Creativity and Where do you find it again?

Posted on March 7, 2013

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As an artist, we all have to be creative and come up with ideas that are new to create. I call these “concepts” as a photographer. After hearing several photographers saying they are stuck in a rut and not able to get out, I thought it would be good to write something here that helps people get out of that rut. There isn’t a specific formula, but there are things you can do to help improve your creativity. Some of these are harder than others. Some require hearing what people really think about your work. You might even have to build something. All of these work to stimulate your creativity.

Have you thought about changing your subject? If you stuck with the same subject for too long, you will start doing the motions. With personal portraiture, this is a common problem. You discover something you like for lighting and posing, and then you use it over and over again to make money with people who pay you for those portraits. The problem is that you are just going through memorized motions and nothing is really new. Break this up by shooting something different. For instance, try to move to other things like plants and flowers, or animals, or still life images. Even shoot different types of images with people – maybe beauty, fine art, or children images. If you shoot mostly landscapes and cityscapes, just going somewhere new could work for a new subject. This change will stimulate a change in your creativity.

Second, join a group of some kind that does different assignments for photography, such as a competition, photo walk, or similar group of people. You will learn from the people who are there, and they will learn from you. If you need one on one attention, then you could possibly get it by being part of these groups. You will also be able to see how others see things with their vision, just as they will see yours. And, if everyone is taking a picture, don’t take it – look for something different. I remember one image where there was a photo shoot with a bathing suit competition – a photographer went but saw how everyone was fighting for key places up front. He decided not to fight and went to the back side and shot the photographers who were shooting the competition. Competitions have been included here because you can often go to a crit night, and learn from what the judges say about the images and their rankings. Just remember to not take the crits personally – they want you to produce better work and aren’t there to berate you personally (even though it may seem like they are at the time). Listen to what they say.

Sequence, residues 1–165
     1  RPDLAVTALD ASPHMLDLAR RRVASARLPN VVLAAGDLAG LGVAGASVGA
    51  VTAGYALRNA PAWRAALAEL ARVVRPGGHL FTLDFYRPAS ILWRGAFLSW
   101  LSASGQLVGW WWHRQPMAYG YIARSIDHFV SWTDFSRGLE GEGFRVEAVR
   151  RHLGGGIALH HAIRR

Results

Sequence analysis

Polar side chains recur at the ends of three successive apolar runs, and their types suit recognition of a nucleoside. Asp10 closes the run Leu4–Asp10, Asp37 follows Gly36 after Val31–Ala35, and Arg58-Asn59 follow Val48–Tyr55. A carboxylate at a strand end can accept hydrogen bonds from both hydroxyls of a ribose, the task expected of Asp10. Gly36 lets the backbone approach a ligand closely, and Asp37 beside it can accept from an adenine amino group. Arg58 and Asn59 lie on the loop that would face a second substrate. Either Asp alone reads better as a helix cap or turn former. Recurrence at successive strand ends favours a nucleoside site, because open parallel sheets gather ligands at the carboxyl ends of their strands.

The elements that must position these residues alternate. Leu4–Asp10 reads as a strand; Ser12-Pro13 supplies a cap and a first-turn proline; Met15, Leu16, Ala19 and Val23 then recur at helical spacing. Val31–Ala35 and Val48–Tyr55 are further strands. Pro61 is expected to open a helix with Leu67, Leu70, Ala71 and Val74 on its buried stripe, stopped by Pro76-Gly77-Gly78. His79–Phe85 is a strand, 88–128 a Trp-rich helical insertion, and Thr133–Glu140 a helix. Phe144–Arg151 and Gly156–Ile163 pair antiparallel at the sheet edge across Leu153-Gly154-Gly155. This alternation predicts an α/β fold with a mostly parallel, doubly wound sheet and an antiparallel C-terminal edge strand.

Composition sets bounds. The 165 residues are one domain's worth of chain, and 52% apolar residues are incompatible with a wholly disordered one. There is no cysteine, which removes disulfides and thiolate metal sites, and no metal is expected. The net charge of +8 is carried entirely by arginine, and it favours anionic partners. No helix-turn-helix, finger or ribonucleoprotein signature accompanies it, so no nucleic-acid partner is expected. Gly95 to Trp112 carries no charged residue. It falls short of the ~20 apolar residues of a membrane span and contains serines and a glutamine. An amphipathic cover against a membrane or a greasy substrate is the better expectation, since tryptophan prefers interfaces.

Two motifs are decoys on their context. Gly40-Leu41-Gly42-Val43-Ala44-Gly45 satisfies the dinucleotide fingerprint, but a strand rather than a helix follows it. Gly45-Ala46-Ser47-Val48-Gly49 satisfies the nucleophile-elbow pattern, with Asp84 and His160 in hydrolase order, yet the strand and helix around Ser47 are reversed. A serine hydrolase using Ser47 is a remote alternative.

With the advent of the Internet, there are so many sites out there relating to photography. You will find many groups out there and many sites that have different things you can do with your photography. Try some of them out. For instance, a cheap and fun project is the Styrofoam beauty dish flash attachment. It will provide you with a day worth of new images and creativity. There are lots of others, too. Just look for them. There are also web sites like the Strobist that work to show you ways of creating great images with just a few strobes. Take a look at what is out there, and try to do some of the projects they recommend you do.

As with these sites, you will see a lot of people whose work is out there on the Internet. Try to duplicate a style or learn a new one. I am not saying to duplicate the image that someone else has taken, but rather the style in which they take images. For instance, a lot of flare is really popular in images today. In two years, it won’t be and some other style will be popular. Also, if you can, work with an off camera strobe (flash). Both of these will spur lots of new ideas and concepts in your mind. Even working on longer exposures, shallower depth of field, pin hole technique, etc. will help to spur your creativity.

Not everyone has a lot of money, but this is also an option: buy a new piece of equipment. If you have some money, buy something new. If you are a business, know that the equipment should be something you constantly use to be worth the investment. If it is something cheap, then it might not need to be something you use constantly. Don’t throw common sense out the window and buy equipment you won’t use or have no intention of using ever again after a few times. Always weigh your return on your investment before buying anything expensive for equipment. Besides, photography isn’t about the equipment we use. It is about the vision of the person behind the camera and their skill as a photographer.

The last thing is to change your medium – if you are a photographer, do some other artistic work. Sketch, paint, create something like a scrap book, etc. Again, this will stimulate your creativity and the way you see things. I personally do a lot of sketching and making jewelry when I am able. These other mediums present different problems than you usually run into and cause you to think differently about your subjects.

This should give you some ideas on how to get out of a rut you may be stuck in with your own creativity. Everyone is different in their vision. I hope this post provides you with some things to try the next time you are stuck.

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